The Viking Stones

When Neston Parish Church was rebuilt in 1874, four carved sandstone fragments were uncovered in the foundations. A fifth had been used as a lintel of a window in the ringing chamber of the bell tower. These stones are now displayed inside the church

A local historian Geoffrey Place contacted Dr Rodger White of Birmingham University, an expert on such stones, and he confirmed that they were the remains of Viking grave markers dating back to930AD. Detail revealed that they were in fact five different grave markers.



One of the stones was chosen for reconstruction from the lazar scan, and with evidence from Northern Ireland and the Isle of Man, added to a cross head from St John’s church, Chester, a life size model was made approximately five feet high.


This is also displayed in the church at Neston in traditional colours as it would have been in its original state. These fragments believed to be of a Christian style put Christianity in Neston at least as early as 930 AD when previously the only evidence was recognition of a priest in the town recorded in 1084 in the Doomsday records.

The Tombstone

This tombstone is that of a knight, a high ranking nobleman, and is dated from the late thirteen century, probably between 1260 and 1280 AD. The order of knights depicted burials in a way with the equal-armed cross. Knightly orders were dissolved or the designs were re-jigged by the kings from 1300’s onwards. Therefore this tombstone has to be pre 1300 AD.

The centre shaft depicted, having a spike on the bottom, is a spear piercing the mouth of a gargoyle. The gargoyle’s head has huge ears out of which being the vine-scrolling that leads into the leaf and floret border edging design. This demon/gargoyle is a hybrid of the Green Man which represents earth or spirit of life. The carving of the hand and arm with buttons is unusually well preserved and very significant. The design of the rose from which the arm comes depicts God at the centre. The hand is holding a scroll that represents a record of the knight’s life and achievements. These achievements are set out in ‘badges’ inlaid in the circular recesses. Some of the upper recesses show traces of lead used for holding ceramic or brass representations whilst the lower ones may have been painted. Some may have been inlaid with precious stones. Te whole stone would have been painted.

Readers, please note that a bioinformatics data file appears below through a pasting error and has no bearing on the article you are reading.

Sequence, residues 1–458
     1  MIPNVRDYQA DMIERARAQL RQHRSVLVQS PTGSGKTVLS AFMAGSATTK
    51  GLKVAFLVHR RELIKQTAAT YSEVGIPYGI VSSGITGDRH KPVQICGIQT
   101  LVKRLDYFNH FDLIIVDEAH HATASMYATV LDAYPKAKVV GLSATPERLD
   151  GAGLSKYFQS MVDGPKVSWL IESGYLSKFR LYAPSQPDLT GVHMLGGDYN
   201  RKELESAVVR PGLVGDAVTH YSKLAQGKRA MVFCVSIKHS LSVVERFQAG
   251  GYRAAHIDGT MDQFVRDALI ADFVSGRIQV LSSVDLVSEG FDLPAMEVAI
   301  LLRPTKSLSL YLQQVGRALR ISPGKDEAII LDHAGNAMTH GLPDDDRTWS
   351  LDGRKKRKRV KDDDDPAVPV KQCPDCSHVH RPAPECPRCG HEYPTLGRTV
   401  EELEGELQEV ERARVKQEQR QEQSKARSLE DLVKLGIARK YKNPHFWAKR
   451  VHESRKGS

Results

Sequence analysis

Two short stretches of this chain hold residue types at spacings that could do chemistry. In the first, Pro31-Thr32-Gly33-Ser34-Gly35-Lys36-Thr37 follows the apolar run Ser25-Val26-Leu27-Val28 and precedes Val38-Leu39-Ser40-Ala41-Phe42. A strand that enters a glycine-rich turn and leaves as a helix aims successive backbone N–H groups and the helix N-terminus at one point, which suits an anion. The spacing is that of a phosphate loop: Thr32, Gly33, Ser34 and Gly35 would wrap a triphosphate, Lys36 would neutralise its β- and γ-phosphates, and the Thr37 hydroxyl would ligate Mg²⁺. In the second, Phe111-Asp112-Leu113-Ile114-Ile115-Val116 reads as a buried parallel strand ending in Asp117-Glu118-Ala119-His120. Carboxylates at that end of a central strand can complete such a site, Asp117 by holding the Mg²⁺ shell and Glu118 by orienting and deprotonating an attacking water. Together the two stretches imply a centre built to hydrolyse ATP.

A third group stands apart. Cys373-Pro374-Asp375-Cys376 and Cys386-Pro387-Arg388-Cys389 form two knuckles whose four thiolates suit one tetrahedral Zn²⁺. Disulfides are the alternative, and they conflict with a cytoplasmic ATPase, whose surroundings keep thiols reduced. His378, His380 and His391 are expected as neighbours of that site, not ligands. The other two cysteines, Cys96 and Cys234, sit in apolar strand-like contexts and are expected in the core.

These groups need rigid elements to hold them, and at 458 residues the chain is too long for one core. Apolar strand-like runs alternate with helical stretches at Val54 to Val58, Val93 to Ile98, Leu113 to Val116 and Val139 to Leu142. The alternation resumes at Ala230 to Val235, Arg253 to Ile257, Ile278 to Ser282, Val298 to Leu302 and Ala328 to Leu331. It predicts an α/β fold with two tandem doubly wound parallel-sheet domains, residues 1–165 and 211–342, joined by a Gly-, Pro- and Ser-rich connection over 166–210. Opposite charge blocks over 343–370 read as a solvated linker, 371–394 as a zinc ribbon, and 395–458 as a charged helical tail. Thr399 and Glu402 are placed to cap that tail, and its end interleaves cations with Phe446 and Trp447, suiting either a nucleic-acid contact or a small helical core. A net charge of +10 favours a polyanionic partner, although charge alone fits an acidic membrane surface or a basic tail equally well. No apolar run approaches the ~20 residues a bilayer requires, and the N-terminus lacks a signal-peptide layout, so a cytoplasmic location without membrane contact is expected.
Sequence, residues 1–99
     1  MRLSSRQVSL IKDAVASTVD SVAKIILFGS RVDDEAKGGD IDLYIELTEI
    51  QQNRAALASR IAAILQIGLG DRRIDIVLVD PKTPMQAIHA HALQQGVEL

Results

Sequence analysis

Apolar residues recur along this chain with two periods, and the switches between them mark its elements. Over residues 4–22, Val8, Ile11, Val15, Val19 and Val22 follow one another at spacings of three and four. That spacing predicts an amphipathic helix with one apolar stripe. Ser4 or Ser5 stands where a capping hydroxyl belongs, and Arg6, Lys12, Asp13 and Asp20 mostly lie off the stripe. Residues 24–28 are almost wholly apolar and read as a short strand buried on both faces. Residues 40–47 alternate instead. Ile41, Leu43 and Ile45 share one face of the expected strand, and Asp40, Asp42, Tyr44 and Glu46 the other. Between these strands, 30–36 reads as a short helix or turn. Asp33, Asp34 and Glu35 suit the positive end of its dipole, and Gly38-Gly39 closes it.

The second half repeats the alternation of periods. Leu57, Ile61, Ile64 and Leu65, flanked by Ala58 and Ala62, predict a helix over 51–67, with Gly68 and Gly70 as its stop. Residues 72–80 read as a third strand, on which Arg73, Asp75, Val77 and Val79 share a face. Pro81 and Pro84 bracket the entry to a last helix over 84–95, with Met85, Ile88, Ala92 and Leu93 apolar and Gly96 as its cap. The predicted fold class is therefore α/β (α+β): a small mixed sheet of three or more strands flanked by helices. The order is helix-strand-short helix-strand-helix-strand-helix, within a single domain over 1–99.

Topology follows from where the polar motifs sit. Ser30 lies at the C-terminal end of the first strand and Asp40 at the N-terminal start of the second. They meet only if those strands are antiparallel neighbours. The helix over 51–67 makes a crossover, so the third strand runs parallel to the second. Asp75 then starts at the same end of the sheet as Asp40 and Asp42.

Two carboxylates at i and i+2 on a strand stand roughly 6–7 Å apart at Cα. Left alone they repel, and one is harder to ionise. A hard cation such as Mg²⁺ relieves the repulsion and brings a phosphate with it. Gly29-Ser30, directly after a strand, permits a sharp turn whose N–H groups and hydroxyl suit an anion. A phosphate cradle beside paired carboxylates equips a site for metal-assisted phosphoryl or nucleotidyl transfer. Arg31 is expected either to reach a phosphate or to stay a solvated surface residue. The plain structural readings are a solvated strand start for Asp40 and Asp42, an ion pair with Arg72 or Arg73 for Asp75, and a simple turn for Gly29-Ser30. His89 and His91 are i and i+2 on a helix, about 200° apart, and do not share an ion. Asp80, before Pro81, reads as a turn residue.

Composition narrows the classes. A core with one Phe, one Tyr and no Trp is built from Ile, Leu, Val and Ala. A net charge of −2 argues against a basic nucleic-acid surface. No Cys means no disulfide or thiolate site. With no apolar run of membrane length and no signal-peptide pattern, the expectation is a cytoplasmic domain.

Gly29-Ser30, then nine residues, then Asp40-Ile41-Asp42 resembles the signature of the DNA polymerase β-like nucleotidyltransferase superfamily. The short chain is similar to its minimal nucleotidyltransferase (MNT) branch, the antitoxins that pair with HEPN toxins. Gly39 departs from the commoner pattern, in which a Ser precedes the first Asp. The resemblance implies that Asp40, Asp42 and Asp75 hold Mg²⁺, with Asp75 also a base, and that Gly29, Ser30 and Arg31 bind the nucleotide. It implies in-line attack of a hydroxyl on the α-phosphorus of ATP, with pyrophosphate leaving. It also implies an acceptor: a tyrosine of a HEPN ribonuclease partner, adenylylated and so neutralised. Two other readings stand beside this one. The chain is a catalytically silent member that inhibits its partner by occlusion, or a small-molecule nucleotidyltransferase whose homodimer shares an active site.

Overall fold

Because of the excellent condition of this tombstone stone it is unlikely that it had been situated outside the church and was probably situated inside the original church with the knight buried in full armour.

Overview given by Mark Olly (2008)




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